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Sunday, May 15 • 4:00pm - 4:30pm
(Collection Care) Spoiler alert! Planning around the pitfalls of construction projects

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Oftentimes the design of a new exhibition space is a moment of celebration within a museum. A new home for collection material on display promises enhanced visitor experience , opportunities for educational programs, the potential to reach a larger audience, and maybe (just maybe) a better environment for the cultural heritage itself. But the process of designing and then building brings with it a host of unexpected challenges that have the potential to direct the project away from institutional goals. These risks take several forms that affect collections care in multifaceted ways: Content Museum construction projects must balance the needs of visitors, future flexibility and collection preservation; these goals are often in competition with one another. For example, who determines light levels in the gallery – the architect pursuing LEED points for daylighting, the exhibit designer trying to tell a story, the lighting engineer creating a certain mood in the space, or the collections care staff who are preserving cultural heritage? How does the project accommodate the participation of multiple groups of stakeholders? Schedule Renovating or building a gallery space often accompanies the development of exhibits and conservation work, activities that extend far beyond the design and construction of the built space. How does a museum manage the entire process with overlapping projects and contracts that impact each other? How much time is needed by each party involved and what happens when the schedule begins to drift? What happens when expectations and requirements of the space change during the process? Budget Funding for cultural venues continues to decline, requiring museums to adapt to tighter budgets and nontraditional methods of updating facilities. Once a project is underway, cost management becomes complex. When cost control becomes a crisis, how do shifting funds affect critical project components? How does the museum make the best decisions for the overall project when the solution involves cutting corners that could jeopardize its collecting mission? Opportunity When the dust settles, how does the museum ensure that the project has met its goals of exhibiting and educating the public while preserving its collection? We suggest that project planning cast a wide net, both to bring an inclusive team to the table from the onset and to anticipate organizational and content-related problems early. • Identify problems in their entirety • Assign the right people to their solutions • Invite their ongoing participation This presentation draws from our experience as architects and engineers to outline the unexpected pitfalls in capital projects and show how they affect collection care. Understanding the context and complexity of problem solving allows museum professionals to ask better questions of project participants, find allies within their institutions and help manage the project’s content towards institutional goals. We will demonstrate how several tools, including simulation software, modeling techniques and mock-up installations, can help bridge gaps in expertise and build consensus that takes into account multiple concerns. We will also discuss strategies for untangling schedules and budgets with an eye towards the unexpected issues that arise during construction.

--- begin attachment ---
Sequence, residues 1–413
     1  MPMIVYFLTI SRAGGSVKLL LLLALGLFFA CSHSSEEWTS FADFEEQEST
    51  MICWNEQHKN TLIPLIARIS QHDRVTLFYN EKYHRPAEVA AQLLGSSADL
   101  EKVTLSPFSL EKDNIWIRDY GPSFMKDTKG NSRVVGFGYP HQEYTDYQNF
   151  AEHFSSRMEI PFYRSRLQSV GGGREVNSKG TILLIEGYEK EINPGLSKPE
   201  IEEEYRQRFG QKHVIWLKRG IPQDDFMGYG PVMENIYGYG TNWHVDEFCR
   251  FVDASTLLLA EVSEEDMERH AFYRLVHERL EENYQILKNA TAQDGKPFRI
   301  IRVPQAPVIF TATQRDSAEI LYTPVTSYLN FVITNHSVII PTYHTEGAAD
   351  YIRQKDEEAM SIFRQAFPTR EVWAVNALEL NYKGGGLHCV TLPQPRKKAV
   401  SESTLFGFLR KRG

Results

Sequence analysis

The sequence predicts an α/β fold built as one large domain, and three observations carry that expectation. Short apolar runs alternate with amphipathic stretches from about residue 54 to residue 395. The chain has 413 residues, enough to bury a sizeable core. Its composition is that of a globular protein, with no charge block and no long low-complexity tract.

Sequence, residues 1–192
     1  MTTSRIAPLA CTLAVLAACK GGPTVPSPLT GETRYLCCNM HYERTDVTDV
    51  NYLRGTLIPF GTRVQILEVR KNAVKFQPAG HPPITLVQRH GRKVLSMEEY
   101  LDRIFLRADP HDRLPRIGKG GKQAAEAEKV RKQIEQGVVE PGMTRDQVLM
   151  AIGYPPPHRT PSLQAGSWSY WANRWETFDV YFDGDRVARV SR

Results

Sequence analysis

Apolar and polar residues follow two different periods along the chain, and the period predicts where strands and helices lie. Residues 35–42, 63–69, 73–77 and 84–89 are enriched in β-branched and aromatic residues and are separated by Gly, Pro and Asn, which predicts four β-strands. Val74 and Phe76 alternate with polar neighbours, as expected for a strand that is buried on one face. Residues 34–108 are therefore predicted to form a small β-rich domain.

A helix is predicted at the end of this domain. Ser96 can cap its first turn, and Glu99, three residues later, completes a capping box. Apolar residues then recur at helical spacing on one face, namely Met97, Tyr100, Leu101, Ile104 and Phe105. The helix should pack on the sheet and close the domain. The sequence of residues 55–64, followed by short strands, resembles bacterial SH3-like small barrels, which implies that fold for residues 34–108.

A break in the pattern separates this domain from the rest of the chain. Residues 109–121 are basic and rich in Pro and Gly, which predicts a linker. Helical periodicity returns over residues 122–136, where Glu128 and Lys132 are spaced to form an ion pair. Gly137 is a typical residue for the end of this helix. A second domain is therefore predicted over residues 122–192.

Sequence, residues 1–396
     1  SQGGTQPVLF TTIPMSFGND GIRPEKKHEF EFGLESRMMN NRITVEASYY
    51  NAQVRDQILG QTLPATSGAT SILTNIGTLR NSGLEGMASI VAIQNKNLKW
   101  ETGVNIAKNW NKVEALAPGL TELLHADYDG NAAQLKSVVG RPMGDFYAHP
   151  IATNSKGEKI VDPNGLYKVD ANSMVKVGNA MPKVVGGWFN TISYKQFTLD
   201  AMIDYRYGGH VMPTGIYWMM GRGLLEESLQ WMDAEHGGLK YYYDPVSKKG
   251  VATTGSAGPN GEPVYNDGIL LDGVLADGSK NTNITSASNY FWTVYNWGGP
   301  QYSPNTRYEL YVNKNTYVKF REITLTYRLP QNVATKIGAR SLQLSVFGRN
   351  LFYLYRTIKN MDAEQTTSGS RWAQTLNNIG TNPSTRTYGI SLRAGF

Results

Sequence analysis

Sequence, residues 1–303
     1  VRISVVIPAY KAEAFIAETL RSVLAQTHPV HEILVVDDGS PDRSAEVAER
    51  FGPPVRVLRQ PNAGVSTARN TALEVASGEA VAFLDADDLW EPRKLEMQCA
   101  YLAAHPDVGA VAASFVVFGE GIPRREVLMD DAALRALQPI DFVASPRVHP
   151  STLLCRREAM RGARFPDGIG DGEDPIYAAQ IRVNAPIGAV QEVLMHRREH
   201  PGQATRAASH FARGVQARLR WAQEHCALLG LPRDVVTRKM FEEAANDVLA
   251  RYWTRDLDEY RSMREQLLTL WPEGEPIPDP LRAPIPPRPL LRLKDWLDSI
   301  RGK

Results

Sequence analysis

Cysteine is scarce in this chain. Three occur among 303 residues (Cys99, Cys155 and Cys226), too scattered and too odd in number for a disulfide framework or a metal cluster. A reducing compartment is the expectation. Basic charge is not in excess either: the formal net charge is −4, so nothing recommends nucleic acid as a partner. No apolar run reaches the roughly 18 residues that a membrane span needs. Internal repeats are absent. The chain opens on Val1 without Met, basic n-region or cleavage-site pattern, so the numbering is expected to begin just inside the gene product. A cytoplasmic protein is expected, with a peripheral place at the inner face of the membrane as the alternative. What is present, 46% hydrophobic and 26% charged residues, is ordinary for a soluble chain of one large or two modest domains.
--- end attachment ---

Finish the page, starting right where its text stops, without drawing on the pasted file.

Speakers
avatar for Jeff Hirsch

Jeff Hirsch

Principal, EwingCole
Jeffrey Hirsch, AIA, LEED AP With over 25 years of experience as an architect, Jeff Hirsch serves as the Director of EwingCole’s Cultural practice. He oversees the design and development of all work and leads the planning of projects that involve large numbers of stakeholders and historic buildings. Jeff’s expertise includes issues related to the museum environment, learning and the preservation of cultural heritage. He brings a... Read More →
avatar for Angela Matchica

Angela Matchica

Principal, Engineer, EwingCole
Angela Matchica, PE, LC, LEED AP Angela is a lighting designer and electrical engineer who incorporates her knowledge of emerging lighting technologies and integrated system design with her creativity and unique expression for a cohesive lighting display. She has applied these visions to various cultural venues, including utilizing innovative design techniques in exhibit display and theatrical applications. Angela couples her passion for lighting... Read More →


Sunday May 15, 2016 4:00pm - 4:30pm
Room 516 AB


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